1. Before committing to having a native (or mostly native) yard, I bought whatever I could find on the "dead" rack. So many of these plants just need a little TLC and they spring back to life. I recently purchased white allyssums for 25 cents per pot and they look gorgeous after a bit of watering. I have now made the effort to find a native gardener who sells to others things she has propagated. Jackpot! I, like you, must rein myself in from buying what strikes my fancy.
    It looks like you made an excellent selection!

  2. Daisy, I too take pity on the deep discount rack! I hate to see neglected plants and I love the challenge of trying to bring them back to health.

    Propagating plants seems to be the way to go over the long run, especially with natives which, sadly, are still hard to find -- especially in Hillsborough County. I have a list of natives I hope to pick up at the USF Plant Sale, including a couple more rouge plants.

  3. This is what Meems says on yarrow. http://www.hoeandshovel.com/2011/02/wintry-garden-blooms.html I found it can rot in the garden in late summer here in years when we have a lot of rain. Sometimes you can get a second year flowering but if it were Florida Friendly you would see it used and recommended more by your peers. Glad you are liking the St Bernards Lily. Sydney says it is her favorite grass like plant and I have heard that from other gardeners too. http://www.floridafriendlyplants.com/Blog/post/2009/06/21/The-Dirt-on-St-Bernards-Lily.aspx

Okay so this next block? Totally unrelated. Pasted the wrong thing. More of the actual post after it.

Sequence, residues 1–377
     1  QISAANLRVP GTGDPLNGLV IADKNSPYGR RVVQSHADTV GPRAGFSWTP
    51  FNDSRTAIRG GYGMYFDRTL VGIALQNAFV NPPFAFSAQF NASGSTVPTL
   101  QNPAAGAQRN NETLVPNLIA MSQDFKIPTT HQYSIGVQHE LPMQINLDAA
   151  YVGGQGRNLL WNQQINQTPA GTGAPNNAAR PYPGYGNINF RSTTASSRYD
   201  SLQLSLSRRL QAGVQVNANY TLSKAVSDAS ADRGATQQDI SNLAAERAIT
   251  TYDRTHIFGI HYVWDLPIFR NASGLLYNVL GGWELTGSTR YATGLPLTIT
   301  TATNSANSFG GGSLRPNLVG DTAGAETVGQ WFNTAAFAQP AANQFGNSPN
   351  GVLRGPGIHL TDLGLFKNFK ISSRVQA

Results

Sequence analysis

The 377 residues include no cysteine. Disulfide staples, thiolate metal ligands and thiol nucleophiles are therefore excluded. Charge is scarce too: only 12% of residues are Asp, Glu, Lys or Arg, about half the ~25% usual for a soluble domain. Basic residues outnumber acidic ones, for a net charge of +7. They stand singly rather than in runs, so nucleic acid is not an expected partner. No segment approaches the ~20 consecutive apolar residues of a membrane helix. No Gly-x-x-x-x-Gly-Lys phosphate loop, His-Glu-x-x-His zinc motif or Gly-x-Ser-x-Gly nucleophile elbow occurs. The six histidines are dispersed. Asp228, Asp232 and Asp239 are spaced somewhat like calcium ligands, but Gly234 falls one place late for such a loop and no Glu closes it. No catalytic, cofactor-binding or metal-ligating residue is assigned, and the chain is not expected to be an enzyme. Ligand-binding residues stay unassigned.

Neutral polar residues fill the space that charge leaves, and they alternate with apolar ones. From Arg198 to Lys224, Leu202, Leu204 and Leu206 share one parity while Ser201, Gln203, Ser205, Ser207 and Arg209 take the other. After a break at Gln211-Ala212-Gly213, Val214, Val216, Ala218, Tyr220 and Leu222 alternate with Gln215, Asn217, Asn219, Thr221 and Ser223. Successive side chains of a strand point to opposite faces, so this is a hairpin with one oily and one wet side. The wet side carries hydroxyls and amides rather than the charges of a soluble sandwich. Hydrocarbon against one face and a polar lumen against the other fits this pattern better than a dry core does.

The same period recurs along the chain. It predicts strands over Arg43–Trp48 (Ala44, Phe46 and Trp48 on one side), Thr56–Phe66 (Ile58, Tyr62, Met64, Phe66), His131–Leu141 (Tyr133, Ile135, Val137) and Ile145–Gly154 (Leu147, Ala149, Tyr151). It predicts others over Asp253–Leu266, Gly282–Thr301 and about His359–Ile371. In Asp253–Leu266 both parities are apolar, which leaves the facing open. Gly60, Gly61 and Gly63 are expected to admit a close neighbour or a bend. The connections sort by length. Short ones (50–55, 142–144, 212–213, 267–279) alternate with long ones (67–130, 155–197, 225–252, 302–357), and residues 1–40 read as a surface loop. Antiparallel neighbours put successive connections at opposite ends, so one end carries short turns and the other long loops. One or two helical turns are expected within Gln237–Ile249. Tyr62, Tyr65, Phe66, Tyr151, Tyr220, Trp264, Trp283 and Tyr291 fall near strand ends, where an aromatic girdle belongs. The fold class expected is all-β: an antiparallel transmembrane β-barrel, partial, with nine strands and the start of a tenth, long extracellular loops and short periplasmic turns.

4. I've had St.Bernard's Lily for years and i love it.Recently,I discovered a bunny chomping away on it.Guess he was pruning it for me...
    I love that yarrow.

  5. I'll keep an eye on the yarrow, Rick, and see how it performs. Right now I only have the one in a container, so I'll use that one as a guinea pig, er, plant.

    Sydney is the one who told me about St. Bernard's Lily! Two of mine are actually about 4 years old and survived being moved to a different location in my yard last year. The others are plants I purchased about a year ago. It's a great plant!

  6. You can divide the clumps with a Little muscle and a sharp knife.

  7. Nanette,
    Good questions to any gardener as we are probably all guilty of impulse buying and not doing our research at some point. Gardening has many lessons to learn.

    Buying one Achillea to put in a pot is a fun (and pretty) risk. I was given a different variety of white blooming yarrow that does really well as a cold-hardy ground cover. For the first time EVER it has some buds on it because I think I FINALLY found a sunny enough spot for it. I am elated. I have divided and multiplied that original plant so many times it is placed in many spots around my garden.

    I've not yet planted the St. Bernard's Lily although I really like it when I see it.

    I bet your garden is really looking great this spring!

  8. Very nice! I am looking for this type of info and sometimes I get lucky like today...:-). Thanks for your post.

  9. Thanks, sydney landscapers! Glad you found the blog post helpful. My bulbine and St. Bernard lilies are still going strong, two years after planting. The achillea didn't like our wet hot Florida summers and kicked the bucket quickly. Lesson learned about that plant!